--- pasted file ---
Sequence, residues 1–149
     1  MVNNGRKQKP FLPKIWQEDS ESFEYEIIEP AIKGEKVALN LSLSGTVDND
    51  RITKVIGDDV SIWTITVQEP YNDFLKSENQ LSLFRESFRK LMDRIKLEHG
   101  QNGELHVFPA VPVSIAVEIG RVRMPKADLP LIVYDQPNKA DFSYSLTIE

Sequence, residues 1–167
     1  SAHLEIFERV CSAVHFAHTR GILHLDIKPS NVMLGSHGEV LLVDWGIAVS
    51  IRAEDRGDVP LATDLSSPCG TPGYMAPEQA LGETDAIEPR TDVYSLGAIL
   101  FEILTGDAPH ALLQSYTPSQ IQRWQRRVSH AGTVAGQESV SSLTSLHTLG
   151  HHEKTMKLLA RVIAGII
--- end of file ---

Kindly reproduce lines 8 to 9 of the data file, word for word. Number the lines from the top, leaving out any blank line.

   101  FEILTGDAPH ALLQSYTPSQ IQRWQRRVSH AGTVAGQESV SSLTSLHTLG
   151  HHEKTMKLLA RVIAGII